Devo’s Women in Cyber Panel: Try New Things and Believe in Yourself

Reading Time : 2min read

Devo recently hosted a live panel discussion with cyber leaders across industries to celebrate Women’s History month. The group acknowledged progress made, addressed remaining challenges, and shared resources for advancing or breaking into the cybersecurity industry. 

Devos’ own CISO Kayla Williams hosted the panel along with: 

Listen to the full discussion or read highlights from the event below. 

What are we getting right?  

The group agreed that a lot is going well for women in cyber. There are more women joining cyber each year. Even though women still make up only 25% of cyber roles, this is growing thanks to all the grassroots organizations dedicated to introducing women and girls to cyber at a younger age. 

What challenges remain? 

The panel acknowledged that despite the improvements, there are some sticky challenges for women. One of the major challenges the group all agreed on was that convincing the non-believers has always been a challenge. Oftentimes the people who participate in women’s events are the people that are already bought in. The real inroads really occur in the “quiet conversations” that happen in between meetings, in the hallway, or in Slack.  

Career tips for students and career changes

No matter where you are in your career, you don’t need a security degree to work in cyber.  Kayla is a perfect example of this. She studied accounting in college–a far cry from the traditional career path into cyber leadership. 

Current students should consider participating in competitions that will provide real-world perspectives and experience. The many rising professional communities on LinkedIn are also great so you can start building your network. 

And for those who are looking to break into a cyber career midway through their careers, resources like the SANs Institute are wonderful because it serves as a repository for lots of various resources. It will even take your current skill set and provide lists of possible career paths.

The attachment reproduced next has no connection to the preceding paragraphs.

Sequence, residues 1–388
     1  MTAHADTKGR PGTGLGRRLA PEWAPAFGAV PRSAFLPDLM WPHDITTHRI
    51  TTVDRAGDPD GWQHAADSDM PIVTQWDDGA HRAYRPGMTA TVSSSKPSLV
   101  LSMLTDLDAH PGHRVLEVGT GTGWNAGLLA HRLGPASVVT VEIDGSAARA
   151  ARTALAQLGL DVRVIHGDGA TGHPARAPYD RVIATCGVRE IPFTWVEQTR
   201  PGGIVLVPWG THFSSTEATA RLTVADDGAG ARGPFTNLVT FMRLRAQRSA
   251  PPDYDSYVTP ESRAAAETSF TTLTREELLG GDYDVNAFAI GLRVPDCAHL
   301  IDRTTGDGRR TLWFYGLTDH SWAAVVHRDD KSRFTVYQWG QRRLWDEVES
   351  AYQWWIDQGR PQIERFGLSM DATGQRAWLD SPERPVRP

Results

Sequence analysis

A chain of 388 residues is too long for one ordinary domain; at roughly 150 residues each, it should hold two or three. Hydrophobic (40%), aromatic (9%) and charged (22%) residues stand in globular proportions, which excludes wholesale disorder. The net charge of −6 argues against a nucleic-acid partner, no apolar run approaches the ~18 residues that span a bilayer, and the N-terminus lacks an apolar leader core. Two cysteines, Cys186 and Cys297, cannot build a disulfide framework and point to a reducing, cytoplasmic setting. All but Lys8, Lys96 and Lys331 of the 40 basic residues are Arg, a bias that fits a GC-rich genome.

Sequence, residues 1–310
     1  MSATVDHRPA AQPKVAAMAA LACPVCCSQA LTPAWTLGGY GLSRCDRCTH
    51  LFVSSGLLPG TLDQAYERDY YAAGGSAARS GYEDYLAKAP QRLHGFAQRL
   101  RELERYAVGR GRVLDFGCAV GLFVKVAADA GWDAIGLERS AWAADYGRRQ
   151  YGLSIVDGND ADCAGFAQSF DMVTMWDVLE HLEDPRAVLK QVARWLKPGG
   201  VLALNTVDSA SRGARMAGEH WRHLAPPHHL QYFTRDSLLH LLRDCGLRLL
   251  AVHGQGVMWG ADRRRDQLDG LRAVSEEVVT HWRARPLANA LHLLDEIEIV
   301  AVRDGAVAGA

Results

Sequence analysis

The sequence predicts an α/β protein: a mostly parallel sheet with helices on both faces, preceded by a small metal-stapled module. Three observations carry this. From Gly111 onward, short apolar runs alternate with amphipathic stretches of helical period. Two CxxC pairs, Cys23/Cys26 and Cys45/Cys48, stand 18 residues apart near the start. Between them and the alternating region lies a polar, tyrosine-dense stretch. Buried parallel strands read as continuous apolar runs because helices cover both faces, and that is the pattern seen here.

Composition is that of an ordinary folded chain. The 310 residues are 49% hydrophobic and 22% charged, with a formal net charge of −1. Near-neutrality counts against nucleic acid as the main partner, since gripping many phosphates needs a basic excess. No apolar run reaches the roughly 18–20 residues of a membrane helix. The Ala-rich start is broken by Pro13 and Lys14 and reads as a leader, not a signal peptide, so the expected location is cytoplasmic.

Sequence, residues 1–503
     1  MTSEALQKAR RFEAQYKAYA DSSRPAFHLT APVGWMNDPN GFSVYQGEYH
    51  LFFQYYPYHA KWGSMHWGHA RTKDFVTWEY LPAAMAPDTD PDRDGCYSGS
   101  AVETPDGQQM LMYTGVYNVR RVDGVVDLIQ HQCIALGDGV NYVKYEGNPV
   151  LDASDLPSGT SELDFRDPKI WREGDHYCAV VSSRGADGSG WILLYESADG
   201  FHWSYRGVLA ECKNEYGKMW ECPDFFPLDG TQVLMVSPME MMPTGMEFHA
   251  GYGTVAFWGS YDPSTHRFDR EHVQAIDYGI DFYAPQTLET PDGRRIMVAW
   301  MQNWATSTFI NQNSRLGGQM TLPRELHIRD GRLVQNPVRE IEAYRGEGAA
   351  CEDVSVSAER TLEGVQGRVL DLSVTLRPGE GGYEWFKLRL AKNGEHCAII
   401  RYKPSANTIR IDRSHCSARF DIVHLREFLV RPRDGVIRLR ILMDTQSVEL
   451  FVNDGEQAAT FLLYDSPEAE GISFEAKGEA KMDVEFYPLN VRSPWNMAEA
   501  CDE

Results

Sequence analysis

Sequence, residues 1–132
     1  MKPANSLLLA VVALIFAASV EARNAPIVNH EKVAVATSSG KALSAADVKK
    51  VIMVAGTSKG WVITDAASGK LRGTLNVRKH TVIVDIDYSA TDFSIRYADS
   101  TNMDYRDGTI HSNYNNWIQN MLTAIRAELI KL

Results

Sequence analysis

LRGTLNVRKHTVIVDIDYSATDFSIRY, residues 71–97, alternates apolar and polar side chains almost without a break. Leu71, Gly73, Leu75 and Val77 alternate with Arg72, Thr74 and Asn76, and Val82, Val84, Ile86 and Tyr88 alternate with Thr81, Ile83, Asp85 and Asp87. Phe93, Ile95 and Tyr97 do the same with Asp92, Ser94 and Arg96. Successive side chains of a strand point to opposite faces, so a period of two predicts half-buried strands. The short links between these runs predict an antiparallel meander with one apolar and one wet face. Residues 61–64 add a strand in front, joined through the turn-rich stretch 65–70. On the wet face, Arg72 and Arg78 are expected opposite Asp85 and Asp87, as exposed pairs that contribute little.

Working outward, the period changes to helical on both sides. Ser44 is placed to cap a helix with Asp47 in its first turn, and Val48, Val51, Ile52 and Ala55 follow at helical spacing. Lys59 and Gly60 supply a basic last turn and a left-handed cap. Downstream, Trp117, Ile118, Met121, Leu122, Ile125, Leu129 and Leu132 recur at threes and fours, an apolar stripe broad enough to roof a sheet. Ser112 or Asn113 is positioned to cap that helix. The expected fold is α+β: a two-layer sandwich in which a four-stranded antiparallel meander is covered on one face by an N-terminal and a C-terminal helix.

Once you are in a role, there are ways to set yourself apart. Think of unconventional relationships you can build cross-departmentally with teams such as finance or human resources. Ask yourself what they could be looking for or expecting from the cyber organization? It could just be the opportunity to educate and build the relationship too. 

Takeaways and resources 

No matter where you are in your career, the resounding advice from the group was that getting ahead in cyber is difficult, but it is possible. Say yes to things, do something you’ve never done before, and believe in yourself.  

The group ended the discussion by sharing some examples of other inspiring women in Cyber. Give them a follow on LinkedIn: 

Lori Havlovitz

Britney Kennedy, CISSP CISM PMP

Michelle D Greene

Jamie Dicken

Kymberlee Price

Helen Patton

Michelle A. Tucker

🗝Connie Matthews Reynolds 🗝

Alexandra Landegger

Meghan Jacquot

🛡️Alyssa Miller

Kerstin Zell

Michelle Pittsenbarger

Tracie Cleveland Thomas, MBA,

Tracy Maleef

Deidre Diamond

Katie Moussouris

Jax S

Jessica Bishop

Monica Verma

The various resources and websites referenced throughout the panel are also captured below:

For high-school/college students:

NSA GenCyber



Cyber 9/12 

Cyber-Start America

For everyone:

Dictionary of Cyber-Acronyms


Women in CyberSecurity (WiCyS)

The CyberWire’s Creating Connections Newsletter 

Secure Diversity


Listen to the entire webcast for more conversation and tips, and happy Women’s History Month! 

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